Monday, July 23, 2012

Your Cell Phone Can Save a Child

According to the National Center for Missing and Exploited Children, almost 800,000 children are missing each year.  That’s an average of 2,185 children reported as missing every day.  Of these children, more than 200,000 were abducted by a family member.  That means that over 58,000 were abducted by nonfamily members and 115 of them were “stereotypical” kidnapping which means child does not know the person who took them or only has a slight acquaintance with them.  The outcome of these kidnappings have been holding a child overnight, transporting them 50 miles away or more, killing them, demanding ransom, or intending to keep the child permanently.

For those of you who may not know, in 2003 President Bush authorized and signed the national AMBER (America's Missing: Broadcast Emergency Response) Alert program as part of the PROTECT Act.  This act confirmed our federal government's role in the AMBER Alert program and appointed the Department of Justice to be the agency that coordinates AMBER Alerts on the national level.  The Department of Justice then partnered with National Center for Missing & Exploited Children (NCMEC) and made them the agents to coordinate and distribute AMBER Alerts to other providers. 

When a child 17 years old or younger is reported to authorities as being abducted, and they meet certain requirements, those authorities issue the alert notifying the NCMEC of the information to put in the alert.  In turn, the NCMEC electronically submits this information to Syniverse which then sends the alert to wireless participants.  Those participants then send text messages to those subscribed to receive the messages.  If you have information to report, simply call the number included in the text message. 
“Statistics show the first three hours after a child's abduction are most critical to recovery efforts.” (  

That statement alone should prompt all of us to go to the Wireless Amber Alerts site  or your cell phone provider’s website and register to receive what could be lifesaving texts.  The service is available and completely free of charge, as long as you can receive texts, in all fifty states and you only receive them for your area, defined by the up to five zip codes you can enter at registration, not the entire country.  This service can also be discontinued at any time by going back to the same website and following the easy steps.  Why would you not want to be part of this?  Our government is using a mass media device for something so important and we should all take responsibility to help.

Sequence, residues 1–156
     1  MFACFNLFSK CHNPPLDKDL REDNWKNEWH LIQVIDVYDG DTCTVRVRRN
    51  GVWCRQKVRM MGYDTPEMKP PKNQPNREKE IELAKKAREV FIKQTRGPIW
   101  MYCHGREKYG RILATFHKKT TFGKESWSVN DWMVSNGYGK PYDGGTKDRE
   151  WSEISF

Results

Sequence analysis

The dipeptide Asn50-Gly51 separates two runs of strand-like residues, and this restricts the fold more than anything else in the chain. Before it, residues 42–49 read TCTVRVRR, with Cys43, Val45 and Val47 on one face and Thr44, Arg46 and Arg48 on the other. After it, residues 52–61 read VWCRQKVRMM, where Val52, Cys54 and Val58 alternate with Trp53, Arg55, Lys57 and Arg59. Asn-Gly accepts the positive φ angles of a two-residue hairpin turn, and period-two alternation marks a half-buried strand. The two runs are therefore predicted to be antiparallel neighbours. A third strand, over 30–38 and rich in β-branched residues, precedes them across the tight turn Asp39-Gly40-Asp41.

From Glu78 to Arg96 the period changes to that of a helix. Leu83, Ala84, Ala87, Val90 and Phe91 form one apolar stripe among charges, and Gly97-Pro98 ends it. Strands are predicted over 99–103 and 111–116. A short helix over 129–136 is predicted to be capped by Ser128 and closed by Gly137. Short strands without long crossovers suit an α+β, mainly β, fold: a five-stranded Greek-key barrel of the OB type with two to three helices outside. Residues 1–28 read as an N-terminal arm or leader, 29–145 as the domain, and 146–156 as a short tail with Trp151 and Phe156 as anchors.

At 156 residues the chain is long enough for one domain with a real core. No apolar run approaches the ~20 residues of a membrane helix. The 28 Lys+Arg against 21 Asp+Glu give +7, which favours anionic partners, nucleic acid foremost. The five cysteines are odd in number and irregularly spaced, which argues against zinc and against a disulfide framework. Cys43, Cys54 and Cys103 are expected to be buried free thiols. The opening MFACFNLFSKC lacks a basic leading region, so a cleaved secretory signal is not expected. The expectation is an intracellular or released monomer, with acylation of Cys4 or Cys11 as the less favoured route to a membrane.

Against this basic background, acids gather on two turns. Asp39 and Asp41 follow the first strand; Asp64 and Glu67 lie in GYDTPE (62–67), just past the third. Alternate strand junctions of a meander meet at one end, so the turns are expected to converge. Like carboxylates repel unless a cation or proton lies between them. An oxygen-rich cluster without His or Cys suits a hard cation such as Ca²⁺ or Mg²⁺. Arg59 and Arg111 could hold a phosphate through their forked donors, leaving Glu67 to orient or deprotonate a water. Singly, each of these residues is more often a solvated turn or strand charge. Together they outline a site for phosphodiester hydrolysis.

What if it’s your child that’s gone missing?  Would you sign up then?

For more information on the above topics, please visit:


  1. That is incredible and useful information. In the past several months, I have had a couple of different Facebook friends report news about missing and/or found children in our area, and I was always curious how they got the information when it wasn't on the news or in the paper, and now I know. I will definitely be visiting this website and getting this. Our kids are the single most important people in the world and it is atrocious how they are treated, by family members and strangers alike. We need to take better care of our nation's children, and I couldn't agree more that this simple device is something that we can all do to help.

  2. Believe it or not, I was in Jamestown, ND Wal-Mart roughly 3 months ago and they announced a CODE ADAM alert. It is Wal-Marts way of notifying customers that a child is missing in the store (could possibly be abducted from the store). They provided a description of clothing, description of the child’s physical appearance, age and name of the child over the intercom system. I literally had the worst feeling inside; I just couldn’t image how the mother or father of the child must have felt! I immediately began searching for the little girl. Luckily, within two minutes they had announced that the little girl was safe and back with her parents. Thank goodness!!!!

  3. I do think it is amazing that we have come so far in the past few years with technology, and now instead of seeing technology as a means of predators finding children we are also seeing it as a means of protecting our children and finding those who are lost. As you wrote, those first few hours after a child has been abducted are the most important, since after this time it gets harder and harder to locate those children that have been taken. I often feel very sad as I walk by those “have you seen me?” posters at shopping centers, knowing that they have been there for a long time and very few people have stopped to look. I was very pleased when the amber alert first came out, meaning information could now be broadcast over the air in much the same way a tornado or hurricane warning would. Since then I have only hear it used twice, and each time I was informed that the child had been found and returned to their parents by the following day. We need to start being aware of the threats out there, and take action before someone else does, because I cannot imagine anything worse for parents than losing their child.

  4. Child kidnapping is horrible and sometimes i wonder what really makes people do that. But i guess wondering what goes on in their minds would not help the situation. Like you said, the first few hours are the most important and i believe signing up for amber alert texts is a very good way to go. Utilization of the mass media have really helped because lots of people get to know it faster. I hope they have alert systems on Facebook or some of the social media sites because they really go a long way to spread the information out there.